Ladarius Green was signed by the Steelers this offseason to be a weapon for Ben Roethlisberger in the offense, and with four games under his belt after coming off an ankle injury, he is doing just that.
Green pulled in six receptions for 110 yards against the Giants last week, the first 100-yard game of his career, and also scored his first touchdown in the black and gold, a 20-yard grab on a play that he hadn't even run before.
"That is a play, I don't think he ran that specific play yet," said Roethlisberger. "For me to call it and him to execute it flawlessly speaks volumes for the work he has put in mentally. To not get that rep physically, but mentally be ready to do it, able to do it, be the actor, the fake block and then make the play. That is just awesome on his part."
Roethlisberger and Green are developing a rapport on the field, one that both admit needs to continue to grow. While they hooked up for six receptions on Sunday, both know there were plays left on the field, including an incompletion late in the game that could have moved the chains and kept the clock going with 1:43 to play in the game. Instead Randy Bullock came on for a 38-yard field goal, and the Giants got the ball back, driving down for a touchdown.
"It's just making the plays that are there," said Roethlisberger. "I could have hit him on that last play on the third down, I overthrew him trying to be a little too cautious. I just have to put it up there for him to make the play. That is on me. Some of the combative catches, I know he wants to make the catches where there is a guy right on him. He made the one on third down where there were two guys on him. That was awesome. There just needs to be more consistency on my part and his part working together. That just comes from repetition and working together. I have all of the confidence in the world in him."
Part of that confidence comes from the mental approach Green took while he was injured, not just sitting back and observing like an outsider, but being involved in every aspect mentally.
"Not getting to see a guy, just talking to him, you see the mental side of it," said Roethlisberger. "He is very smart. He talks a lot to me and asks questions. They are not questions you expect from a guy that hasn't been around here. They are questions you expect from a guy that has been here, studying, focusing and really understanding what is going on here. I just see growth every day from him.
"I have all of the faith in the world in him and what he can do. He is a weapon for us."
Roethlisberger feels the same about the team's other tight ends, David Johnson, Jesse James and Xavier Grimble, who are giving opposing defenses matchup problems when they go to two or three tight end sets.
"Those formations and sets throw a wrinkle to a defense," said Roethlisberger. "Do you line up in big personnel to stop the run because you have tight ends or do you put nickel or smaller defensive backs on the field? Having the versatility of our tight ends to be able to execute against whatever defense is thrown at us is key for us."
More from Ben:
On the run-pass split: "t just means we're balanced and that's always what we've wanted to be, a balanced offense. When the run is there, we take it. When the pass is there, we do that as well." On if Le'Veon Bell is getting stronger later in games:"
What you could see is his energy. You can see the enthusiasm, the line. I mean, even after a long drive like that, you can just see them, "let's go. Let's go. Let's go." In that game you see him, after runs it a bunch of time, I was mic'd up that game and its funny audio because I ask him, 'You good? You ready to keep going? You need a timeout?' But he doesn't. He just keeps going. That's why I think he's one of the best in the business. But being able to talk to him and communicate with him like that, and him being honest back with me, is a great thing."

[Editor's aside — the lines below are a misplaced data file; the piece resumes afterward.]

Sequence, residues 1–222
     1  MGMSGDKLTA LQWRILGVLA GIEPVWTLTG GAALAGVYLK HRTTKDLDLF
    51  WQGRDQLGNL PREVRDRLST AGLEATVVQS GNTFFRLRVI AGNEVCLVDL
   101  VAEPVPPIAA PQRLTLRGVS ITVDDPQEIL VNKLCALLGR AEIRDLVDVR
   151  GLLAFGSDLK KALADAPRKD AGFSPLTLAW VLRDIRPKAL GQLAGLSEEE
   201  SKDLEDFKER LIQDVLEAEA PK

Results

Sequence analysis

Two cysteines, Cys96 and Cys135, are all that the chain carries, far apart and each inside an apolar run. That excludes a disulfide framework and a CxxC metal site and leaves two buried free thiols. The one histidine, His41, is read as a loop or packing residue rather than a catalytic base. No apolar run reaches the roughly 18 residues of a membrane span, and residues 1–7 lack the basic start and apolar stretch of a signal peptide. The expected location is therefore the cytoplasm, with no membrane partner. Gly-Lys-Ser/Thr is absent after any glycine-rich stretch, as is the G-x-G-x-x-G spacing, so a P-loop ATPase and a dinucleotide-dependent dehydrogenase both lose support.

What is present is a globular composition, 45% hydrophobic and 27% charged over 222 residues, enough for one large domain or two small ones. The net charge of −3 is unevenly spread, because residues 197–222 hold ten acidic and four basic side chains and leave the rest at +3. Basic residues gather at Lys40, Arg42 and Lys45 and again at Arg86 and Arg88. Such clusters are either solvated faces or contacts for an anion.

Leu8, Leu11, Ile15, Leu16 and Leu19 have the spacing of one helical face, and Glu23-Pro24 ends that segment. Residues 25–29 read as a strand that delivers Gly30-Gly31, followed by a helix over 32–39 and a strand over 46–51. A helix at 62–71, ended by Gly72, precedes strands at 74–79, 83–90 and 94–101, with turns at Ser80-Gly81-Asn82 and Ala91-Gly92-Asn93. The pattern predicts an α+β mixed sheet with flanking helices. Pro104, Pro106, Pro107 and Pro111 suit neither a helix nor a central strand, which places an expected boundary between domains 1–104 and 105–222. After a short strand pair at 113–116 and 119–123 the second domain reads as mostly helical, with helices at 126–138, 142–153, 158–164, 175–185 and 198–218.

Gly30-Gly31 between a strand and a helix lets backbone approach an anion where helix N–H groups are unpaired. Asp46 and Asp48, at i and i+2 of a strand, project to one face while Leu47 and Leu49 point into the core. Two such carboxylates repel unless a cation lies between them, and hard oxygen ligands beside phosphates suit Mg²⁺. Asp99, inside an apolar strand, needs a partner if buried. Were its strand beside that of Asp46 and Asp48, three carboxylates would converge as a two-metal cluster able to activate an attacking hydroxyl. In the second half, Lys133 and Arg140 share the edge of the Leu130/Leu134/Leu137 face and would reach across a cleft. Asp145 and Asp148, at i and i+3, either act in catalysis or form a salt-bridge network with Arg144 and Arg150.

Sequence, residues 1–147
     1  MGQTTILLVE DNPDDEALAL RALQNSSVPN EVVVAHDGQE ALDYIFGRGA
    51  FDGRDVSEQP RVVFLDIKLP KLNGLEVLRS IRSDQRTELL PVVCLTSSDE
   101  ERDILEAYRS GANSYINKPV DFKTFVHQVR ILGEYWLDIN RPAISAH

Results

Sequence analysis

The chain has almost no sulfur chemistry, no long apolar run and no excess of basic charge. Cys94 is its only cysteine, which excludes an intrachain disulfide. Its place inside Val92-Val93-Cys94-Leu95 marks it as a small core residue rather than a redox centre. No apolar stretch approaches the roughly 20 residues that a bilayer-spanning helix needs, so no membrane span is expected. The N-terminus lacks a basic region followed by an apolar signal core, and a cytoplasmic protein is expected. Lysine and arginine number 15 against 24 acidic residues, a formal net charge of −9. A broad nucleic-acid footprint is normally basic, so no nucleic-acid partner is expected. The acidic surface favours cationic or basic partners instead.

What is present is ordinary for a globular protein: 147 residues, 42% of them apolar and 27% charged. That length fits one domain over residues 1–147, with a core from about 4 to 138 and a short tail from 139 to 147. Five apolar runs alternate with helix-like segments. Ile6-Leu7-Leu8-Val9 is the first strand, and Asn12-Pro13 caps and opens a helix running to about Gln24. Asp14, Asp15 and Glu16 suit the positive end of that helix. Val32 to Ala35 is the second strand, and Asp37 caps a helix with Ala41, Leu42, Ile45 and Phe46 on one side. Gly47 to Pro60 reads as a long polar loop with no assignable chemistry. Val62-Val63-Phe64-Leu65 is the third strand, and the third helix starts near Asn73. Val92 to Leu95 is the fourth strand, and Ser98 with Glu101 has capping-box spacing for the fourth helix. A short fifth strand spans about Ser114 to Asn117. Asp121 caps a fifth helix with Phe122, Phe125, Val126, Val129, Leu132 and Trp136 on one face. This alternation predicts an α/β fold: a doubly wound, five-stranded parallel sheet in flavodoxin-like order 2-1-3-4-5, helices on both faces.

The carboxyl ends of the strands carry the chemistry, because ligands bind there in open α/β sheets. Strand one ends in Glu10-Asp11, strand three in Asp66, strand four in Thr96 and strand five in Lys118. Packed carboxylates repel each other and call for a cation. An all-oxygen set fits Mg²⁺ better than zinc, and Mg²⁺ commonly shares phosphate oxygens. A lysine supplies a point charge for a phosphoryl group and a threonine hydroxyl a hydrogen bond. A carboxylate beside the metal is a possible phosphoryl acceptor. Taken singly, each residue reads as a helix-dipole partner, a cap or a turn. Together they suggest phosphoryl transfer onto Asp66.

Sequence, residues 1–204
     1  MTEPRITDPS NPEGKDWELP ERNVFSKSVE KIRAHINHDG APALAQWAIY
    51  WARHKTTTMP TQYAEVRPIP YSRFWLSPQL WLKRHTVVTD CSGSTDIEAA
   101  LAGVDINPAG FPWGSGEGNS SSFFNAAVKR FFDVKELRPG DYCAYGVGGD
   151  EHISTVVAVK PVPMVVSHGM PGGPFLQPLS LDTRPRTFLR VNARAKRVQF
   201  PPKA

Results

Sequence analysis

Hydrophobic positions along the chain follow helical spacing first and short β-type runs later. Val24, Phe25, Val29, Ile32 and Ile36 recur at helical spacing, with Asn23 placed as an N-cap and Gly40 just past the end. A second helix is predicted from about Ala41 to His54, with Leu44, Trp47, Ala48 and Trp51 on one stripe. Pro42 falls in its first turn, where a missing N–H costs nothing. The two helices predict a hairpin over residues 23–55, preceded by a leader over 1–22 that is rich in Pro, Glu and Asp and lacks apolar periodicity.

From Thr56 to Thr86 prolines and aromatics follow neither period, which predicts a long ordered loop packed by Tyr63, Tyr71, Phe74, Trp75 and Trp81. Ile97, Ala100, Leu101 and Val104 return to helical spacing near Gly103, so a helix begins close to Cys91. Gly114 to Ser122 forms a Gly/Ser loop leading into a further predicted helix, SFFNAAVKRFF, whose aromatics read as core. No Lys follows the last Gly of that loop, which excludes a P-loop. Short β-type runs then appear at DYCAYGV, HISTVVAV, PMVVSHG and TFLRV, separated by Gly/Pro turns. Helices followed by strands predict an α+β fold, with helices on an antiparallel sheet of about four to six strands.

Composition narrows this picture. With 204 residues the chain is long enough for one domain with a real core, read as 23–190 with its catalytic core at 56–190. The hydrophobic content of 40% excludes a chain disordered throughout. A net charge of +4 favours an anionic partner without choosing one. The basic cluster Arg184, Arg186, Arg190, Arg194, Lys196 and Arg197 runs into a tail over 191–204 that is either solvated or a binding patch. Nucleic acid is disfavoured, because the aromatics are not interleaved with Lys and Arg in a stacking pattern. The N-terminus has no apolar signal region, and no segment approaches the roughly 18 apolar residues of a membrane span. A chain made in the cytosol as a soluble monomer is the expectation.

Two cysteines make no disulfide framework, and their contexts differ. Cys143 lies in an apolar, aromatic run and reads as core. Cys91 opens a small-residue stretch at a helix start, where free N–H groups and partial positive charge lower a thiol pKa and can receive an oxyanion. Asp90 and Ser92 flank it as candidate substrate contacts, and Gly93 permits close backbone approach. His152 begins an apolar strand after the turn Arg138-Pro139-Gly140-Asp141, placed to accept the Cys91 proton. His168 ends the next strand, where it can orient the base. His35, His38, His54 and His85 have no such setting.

On if he thinks Bell is being honest: "Absolutely. He's the best in the business. He's going to tell me. What he wants and feels. And he's honest with all of us. We need him on the field, but he also knows that he's not going to hurt the team."On if the offense's balance has any other factors but run and pass: "I think balance is what the defense is giving you. What's working for you? When we're having success, it's because Coach (Todd) Haley is calling good plays, we're executing them, the line's blocking, we're running, we're throwing—that's a balanced offense, in my opinion."On Buffalo's defense:
"Complexity. Moving guys around. Nasty tough. Throwing different secondary coverages at you. Blitzes, bringing guys from safeties to linebackers. And then, having a good defensive line, which they obviously have." On his success in bad weather: "I don't know. I don't know. Being from not far from here, a couple of hours, you're used to bad weather playing in the backyard. We played in snow, rain and mud, whatever it was. I don't if that's it, or just getting lucky." On if he takes pride in that: "I wouldn't want to be anywhere else. It was funny, before the pregame in Indianapolis, we were talking, Coach Randy (Fichtner) and I were talking about, 'This is nice, no wind., no nothing.' But I wouldn't change being here and having he elements. It's fun to play in the snow. I'm assuming there will be some snow up there, and wind. It typically is. It is what it is. Other than being cold, it's pretty fun."On his last game there and the wind: "It's cold. It's what you love watching. I grew up when Jim Kelly was one of the guys and watching some of those playoff games they had up there, just how cold and brutal it was. That's just what you expect in Buffalo."